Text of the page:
This week’s entries are dedicated to objects featured in the exhibition Thom Browne Selects, currently on view at Cooper Hewitt through October 23, 2016.

Framing is a common practice. In contemporary society we experience literal and metaphorical framing on a daily basis. As one looks out of their apartment window, scrolls through their New York Times app on their commute to work, or gets dressed in the morning, framing is always occurring as a method of presentation. Bronze mounts were design elements to enhance the presentation of furniture. They were often small accents on a much larger piece.

This example of a late eighteenth/early nineteenth century cast and gilt bronze frame is characteristic of French neoclassical mounts found commonly on case furniture. The intention behind these tiny frames was to beautifully contrast rich woods, such as mahogany, in an effort to decorate but not overwhelm the form and design of the work. Neoclassicism looked back to antiquity as a paradigm of good design while responding to the fanciful and swirling designs of the rococo style, which many found to be a frivolous design. With the deeper knowledge of antiquity found through excavations came a greater understanding of design from the ancient world. In stark opposition to rococo’s natural, curving lines, neoclassicism’s austere form revered the geometry and symmetry of classical architecture.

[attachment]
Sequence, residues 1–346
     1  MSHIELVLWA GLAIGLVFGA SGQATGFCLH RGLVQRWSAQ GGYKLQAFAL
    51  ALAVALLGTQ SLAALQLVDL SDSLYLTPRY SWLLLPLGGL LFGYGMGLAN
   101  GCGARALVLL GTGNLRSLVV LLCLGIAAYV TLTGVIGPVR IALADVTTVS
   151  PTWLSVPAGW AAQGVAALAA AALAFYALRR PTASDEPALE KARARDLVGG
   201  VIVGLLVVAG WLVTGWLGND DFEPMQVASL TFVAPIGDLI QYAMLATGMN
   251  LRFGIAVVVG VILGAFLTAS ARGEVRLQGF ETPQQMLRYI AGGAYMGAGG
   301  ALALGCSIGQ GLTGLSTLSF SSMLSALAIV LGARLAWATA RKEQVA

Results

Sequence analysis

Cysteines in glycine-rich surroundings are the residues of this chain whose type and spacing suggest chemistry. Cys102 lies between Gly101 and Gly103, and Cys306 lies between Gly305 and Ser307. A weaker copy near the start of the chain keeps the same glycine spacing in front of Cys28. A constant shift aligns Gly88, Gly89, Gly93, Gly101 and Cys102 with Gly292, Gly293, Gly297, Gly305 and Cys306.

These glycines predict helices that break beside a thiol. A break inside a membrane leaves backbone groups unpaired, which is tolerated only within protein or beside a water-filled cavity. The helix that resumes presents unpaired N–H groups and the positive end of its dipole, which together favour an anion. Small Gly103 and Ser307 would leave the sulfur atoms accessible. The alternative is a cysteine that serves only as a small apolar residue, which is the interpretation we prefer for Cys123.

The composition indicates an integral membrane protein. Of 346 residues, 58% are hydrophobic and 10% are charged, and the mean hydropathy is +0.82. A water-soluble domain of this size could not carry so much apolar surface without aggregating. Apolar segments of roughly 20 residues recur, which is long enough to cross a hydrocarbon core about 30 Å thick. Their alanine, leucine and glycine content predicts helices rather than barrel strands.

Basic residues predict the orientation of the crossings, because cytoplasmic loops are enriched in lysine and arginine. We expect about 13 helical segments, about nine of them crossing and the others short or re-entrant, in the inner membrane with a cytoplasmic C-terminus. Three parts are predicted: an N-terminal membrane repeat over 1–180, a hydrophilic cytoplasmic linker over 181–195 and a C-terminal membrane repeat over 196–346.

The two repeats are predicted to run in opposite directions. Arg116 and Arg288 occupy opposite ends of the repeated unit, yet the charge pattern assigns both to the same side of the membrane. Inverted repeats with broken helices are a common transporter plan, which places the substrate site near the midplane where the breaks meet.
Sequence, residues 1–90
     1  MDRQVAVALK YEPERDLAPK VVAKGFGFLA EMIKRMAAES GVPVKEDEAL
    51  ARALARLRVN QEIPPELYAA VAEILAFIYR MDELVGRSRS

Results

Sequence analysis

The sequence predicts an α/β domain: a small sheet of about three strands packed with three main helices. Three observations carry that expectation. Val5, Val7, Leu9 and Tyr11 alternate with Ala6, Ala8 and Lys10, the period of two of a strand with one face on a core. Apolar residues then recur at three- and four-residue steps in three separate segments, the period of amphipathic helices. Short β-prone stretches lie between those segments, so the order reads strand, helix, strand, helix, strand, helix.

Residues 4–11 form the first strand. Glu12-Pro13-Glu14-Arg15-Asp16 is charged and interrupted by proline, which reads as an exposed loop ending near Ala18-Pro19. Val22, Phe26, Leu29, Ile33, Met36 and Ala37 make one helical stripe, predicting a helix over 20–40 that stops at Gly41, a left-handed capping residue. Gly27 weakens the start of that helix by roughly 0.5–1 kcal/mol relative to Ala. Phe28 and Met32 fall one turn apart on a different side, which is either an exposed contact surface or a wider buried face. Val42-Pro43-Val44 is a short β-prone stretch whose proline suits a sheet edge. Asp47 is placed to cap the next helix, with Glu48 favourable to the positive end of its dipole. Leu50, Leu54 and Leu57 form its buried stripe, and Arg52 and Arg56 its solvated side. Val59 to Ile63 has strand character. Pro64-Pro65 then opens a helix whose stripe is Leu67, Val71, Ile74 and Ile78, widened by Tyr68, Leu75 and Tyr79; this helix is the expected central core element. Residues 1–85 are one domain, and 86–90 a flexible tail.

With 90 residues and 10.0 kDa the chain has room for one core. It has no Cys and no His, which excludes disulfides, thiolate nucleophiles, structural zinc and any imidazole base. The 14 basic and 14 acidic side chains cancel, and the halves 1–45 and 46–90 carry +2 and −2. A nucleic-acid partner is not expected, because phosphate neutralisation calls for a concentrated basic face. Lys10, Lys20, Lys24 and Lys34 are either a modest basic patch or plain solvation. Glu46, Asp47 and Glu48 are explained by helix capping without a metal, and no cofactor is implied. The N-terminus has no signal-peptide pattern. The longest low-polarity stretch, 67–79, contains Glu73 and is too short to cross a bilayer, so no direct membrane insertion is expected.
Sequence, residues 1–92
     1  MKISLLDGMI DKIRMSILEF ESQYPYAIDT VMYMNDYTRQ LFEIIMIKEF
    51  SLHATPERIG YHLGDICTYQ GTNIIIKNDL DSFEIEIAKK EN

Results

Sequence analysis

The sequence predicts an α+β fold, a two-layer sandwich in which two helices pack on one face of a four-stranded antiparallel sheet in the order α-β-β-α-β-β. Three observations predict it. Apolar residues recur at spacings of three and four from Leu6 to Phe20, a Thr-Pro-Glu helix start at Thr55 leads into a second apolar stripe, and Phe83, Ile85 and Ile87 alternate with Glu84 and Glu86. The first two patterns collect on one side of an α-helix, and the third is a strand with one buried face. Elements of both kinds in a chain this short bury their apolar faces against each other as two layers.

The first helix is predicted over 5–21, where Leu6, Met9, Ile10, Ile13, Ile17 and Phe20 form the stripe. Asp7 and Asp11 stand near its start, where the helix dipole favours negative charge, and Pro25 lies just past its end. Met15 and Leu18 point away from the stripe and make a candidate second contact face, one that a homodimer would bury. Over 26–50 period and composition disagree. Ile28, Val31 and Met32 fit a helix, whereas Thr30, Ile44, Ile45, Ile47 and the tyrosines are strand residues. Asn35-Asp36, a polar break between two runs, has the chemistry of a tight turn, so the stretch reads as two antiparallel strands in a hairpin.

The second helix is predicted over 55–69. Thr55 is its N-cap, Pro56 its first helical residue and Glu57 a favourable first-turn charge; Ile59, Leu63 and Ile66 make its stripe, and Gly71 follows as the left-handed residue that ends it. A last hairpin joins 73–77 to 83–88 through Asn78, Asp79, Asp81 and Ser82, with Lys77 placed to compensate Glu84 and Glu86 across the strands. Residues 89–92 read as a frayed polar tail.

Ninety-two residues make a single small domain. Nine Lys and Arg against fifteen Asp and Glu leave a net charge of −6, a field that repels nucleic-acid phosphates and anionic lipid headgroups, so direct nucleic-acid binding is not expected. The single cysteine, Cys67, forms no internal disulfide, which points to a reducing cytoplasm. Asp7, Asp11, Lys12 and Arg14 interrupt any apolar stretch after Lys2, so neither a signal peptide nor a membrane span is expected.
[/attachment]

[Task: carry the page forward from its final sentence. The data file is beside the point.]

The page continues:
Palmettes, seen at the corners of the lozenge-shaped mount, were a popular motif along with architectural attributes like columns, moldings, and capitals. This mount boasts two moldings; one with the appearance of stringed pearls on the inside of the mount and a hard, straight-lined outer molding. The simplified appearance of the mount would have allowed the quality and magnificence of fine craftwork and material to capture the attention of a patron.

Emily Birzak is a graduate student at Parsons studying History of Design and Curatorial Studies and serves as a fellow in the Product Design and Decorative Arts department. Currently, her interests lie in fashion and its position in business and the arts.

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